This is a tool that would likely only be used in the case of small to medium-size banks, not domestic systemically important banks (D-SIBs)."


-------------------------

In case you are wondering what a "D-SIB" is (Basically RBC, TD, Scotia, BMO, CIBC, National Bank):
http://www.cdic.ca/en/about-cdic/resolu ... ution.aspx
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Shawguy wrote:
May 4th, 2017 7:33 pm
Exactly - and here is the link showing that: http://www.cdic.ca/en/about-cdic/resolu ... tools.aspx
(not necessarily posting for you - but for others to help prove your point) :)


"Liquidation and reimbursement of insured deposits:

In certain cases, a failed bank is closed and insured deposits are reimbursed to depositors. The assets of the failed bank are distributed to the bank's depositors and other creditors through a court-supervised liquidation process.

In liquidation, the failed bank ceases to operate, all contracts are terminated and its critical financial services are no longer available, including access to accounts. CDIC automatically and rapidly reimburses insured deposits up to $100,000 (including interest) per insurance category. Depositors do not have to file a claim. CDIC aims to reimburse most accounts within three business days. Due to their complexity, deposits such as trusts and registered accounts could take longer.

This is a tool that would likely only be used in the case of small to medium-size banks, not domestic systemically important banks (D-SIBs)."


-------------------------

In case you are wondering what a "D-SIB" is (Basically RBC, TD, Scotia, BMO, CIBC, National Bank):
http://www.cdic.ca/en/about-cdic/resolu ... ution.aspx
This is very optimistic. It actually says on it's site it will be a immediate payout once they get the correct information or something to that effect. In reality it probably will take weeks and possibly months depending on how the bank kept records. Days if they kept good records that are easily accessible.
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User230 wrote:
May 4th, 2017 7:54 pm
This is very optimistic. It actually says on it's site it will be a immediate payout once they get the correct information or something to that effect. In reality it probably will take weeks and possibly months depending on how the bank kept records. Days if they kept good records that are easily accessible.
It "actually says on the site" exactly what you just quoted about 3 days. Not "something to that effect".
It was a quote from the CDIC.
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Shawguy wrote:
May 4th, 2017 7:33 pm
Exactly - and here is the link showing that: http://www.cdic.ca/en/about-cdic/resolu ... tools.aspx
(not necessarily posting for you - but for others to help prove your point) :)


"Liquidation and reimbursement of insured deposits:

In certain cases, a failed bank is closed and insured deposits are reimbursed to depositors. The assets of the failed bank are distributed to the bank's depositors and other creditors through a court-supervised liquidation process.

In liquidation, the failed bank ceases to operate, all contracts are terminated and its critical financial services are no longer available, including access to accounts. CDIC automatically and rapidly reimburses insured deposits up to $100,000 (including interest) per insurance category. Depositors do not have to file a claim. CDIC aims to reimburse most accounts within three business days. Due to their complexity, deposits such as trusts and registered accounts could take longer.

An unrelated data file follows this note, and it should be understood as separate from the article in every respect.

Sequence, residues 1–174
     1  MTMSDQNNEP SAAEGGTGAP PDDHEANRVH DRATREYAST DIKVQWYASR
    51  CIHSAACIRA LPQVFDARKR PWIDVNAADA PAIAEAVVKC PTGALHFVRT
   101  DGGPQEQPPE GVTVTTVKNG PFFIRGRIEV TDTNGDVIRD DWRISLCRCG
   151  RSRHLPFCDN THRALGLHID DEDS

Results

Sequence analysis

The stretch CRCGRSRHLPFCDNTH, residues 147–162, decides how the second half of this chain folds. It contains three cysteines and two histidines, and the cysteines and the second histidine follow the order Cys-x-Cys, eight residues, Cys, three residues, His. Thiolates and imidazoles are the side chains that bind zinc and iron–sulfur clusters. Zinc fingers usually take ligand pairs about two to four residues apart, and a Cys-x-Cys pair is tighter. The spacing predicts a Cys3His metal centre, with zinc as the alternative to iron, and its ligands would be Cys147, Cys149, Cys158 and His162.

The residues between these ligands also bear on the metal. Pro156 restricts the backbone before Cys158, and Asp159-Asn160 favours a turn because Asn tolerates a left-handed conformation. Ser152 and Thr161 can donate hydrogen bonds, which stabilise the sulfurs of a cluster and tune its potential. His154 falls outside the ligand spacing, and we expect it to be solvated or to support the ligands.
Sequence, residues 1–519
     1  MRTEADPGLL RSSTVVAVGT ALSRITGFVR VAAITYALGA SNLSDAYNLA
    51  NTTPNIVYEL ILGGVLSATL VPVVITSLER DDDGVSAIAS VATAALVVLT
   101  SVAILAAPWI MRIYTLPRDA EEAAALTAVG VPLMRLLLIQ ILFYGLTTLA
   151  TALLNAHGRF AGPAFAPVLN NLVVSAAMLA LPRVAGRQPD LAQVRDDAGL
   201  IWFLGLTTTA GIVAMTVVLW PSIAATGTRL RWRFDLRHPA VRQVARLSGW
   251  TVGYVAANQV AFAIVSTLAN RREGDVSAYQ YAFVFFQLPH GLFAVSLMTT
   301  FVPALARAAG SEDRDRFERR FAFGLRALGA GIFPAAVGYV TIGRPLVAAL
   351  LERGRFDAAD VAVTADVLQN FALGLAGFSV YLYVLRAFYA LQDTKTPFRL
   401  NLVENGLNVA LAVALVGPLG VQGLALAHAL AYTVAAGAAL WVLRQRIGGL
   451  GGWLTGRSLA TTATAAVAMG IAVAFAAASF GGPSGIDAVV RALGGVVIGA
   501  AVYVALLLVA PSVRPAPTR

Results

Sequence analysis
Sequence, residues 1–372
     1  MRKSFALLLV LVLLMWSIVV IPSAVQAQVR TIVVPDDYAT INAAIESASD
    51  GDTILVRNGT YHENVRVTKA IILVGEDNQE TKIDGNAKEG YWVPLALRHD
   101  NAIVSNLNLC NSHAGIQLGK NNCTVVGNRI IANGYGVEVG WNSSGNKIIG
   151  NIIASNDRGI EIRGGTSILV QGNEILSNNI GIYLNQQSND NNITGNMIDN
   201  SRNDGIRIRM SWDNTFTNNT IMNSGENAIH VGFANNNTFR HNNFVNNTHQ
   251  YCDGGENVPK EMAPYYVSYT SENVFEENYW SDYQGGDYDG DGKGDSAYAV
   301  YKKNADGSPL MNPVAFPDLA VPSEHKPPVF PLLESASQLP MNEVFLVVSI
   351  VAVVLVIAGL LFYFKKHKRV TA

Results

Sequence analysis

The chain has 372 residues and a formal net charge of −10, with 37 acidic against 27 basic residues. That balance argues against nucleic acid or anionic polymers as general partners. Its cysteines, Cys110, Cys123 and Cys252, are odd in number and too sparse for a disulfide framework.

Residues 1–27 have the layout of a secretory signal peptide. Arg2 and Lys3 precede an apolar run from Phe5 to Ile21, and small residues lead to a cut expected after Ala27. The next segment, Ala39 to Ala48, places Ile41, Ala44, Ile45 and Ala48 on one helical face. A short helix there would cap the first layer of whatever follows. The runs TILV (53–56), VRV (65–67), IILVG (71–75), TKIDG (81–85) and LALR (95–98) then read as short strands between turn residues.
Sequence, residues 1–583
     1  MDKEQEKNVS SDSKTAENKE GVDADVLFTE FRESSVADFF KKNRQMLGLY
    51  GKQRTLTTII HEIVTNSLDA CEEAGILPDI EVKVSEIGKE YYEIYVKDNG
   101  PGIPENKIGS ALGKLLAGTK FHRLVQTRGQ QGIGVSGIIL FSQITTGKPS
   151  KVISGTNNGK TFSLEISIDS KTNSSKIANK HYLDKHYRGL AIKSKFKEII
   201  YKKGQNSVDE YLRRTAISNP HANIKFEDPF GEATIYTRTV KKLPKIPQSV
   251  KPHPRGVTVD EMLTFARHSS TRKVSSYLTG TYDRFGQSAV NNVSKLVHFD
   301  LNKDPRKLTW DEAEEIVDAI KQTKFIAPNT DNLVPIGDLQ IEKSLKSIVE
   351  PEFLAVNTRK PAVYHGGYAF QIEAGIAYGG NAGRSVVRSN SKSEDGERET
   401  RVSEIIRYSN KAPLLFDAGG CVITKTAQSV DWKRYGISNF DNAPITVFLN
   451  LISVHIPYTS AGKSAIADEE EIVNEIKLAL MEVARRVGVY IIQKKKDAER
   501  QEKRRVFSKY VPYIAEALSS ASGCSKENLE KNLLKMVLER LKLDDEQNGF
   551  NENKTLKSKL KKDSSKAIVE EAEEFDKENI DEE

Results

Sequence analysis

This is a tool that would likely only be used in the case of small to medium-size banks, not domestic systemically important banks (D-SIBs)."


-------------------------

In case you are wondering what a "D-SIB" is (Basically RBC, TD, Scotia, BMO, CIBC, National Bank):
http://www.cdic.ca/en/about-cdic/resolu ... ution.aspx
Not much relief though, if one of the system forming bank goes insolvent, it will take years, and by that time CAD might be worth fraction of its value ( perhaps 1 US cent for 1 CAD ). I know that is highly unlikely to happen, but so thought my dad who lost his life savings in Soviet bank.
---
Hopefully it won't happen.
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ukrainiandude wrote:
May 4th, 2017 8:52 pm
Not much relief though, if one of the system forming bank goes insolvent, it will take years, and by that time CAD might be worth fraction of its value ( perhaps 1 US cent for 1 CAD ). I know that is highly unlikely to happen, but so thought my dad who lost his life savings in Soviet bank.
---
Hopefully it won't happen.
In Soviet Russia... things are different.
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Just got PC 2.5% offer at login screen. Will have to go Tangerine > PC > EQ as promo rates expire.

OP why don't you update EQ thread linking to new non-locked thread?

I like how you can use EQ as almost like a chequing account. Only real downside is no ability to get cash out of ATM, so you need to maintain 2nd account with Tangerine or PC.
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ferniebc wrote:
May 7th, 2017 8:01 pm
Just got PC 2.5% offer at login screen. Will have to go Tangerine > PC > EQ as promo rates expire.

OP why don't you update EQ thread linking to new non-locked thread?

I like how you can use EQ as almost like a chequing account. Only real downside is no ability to get cash out of ATM, so you need to maintain 2nd account with Tangerine or PC.
I just got a targetted 2%... quickly clicked sign up, but didn't read the fine print as to how long it applied for. Anyone know where to find these details?
I'd love to write history... in advance.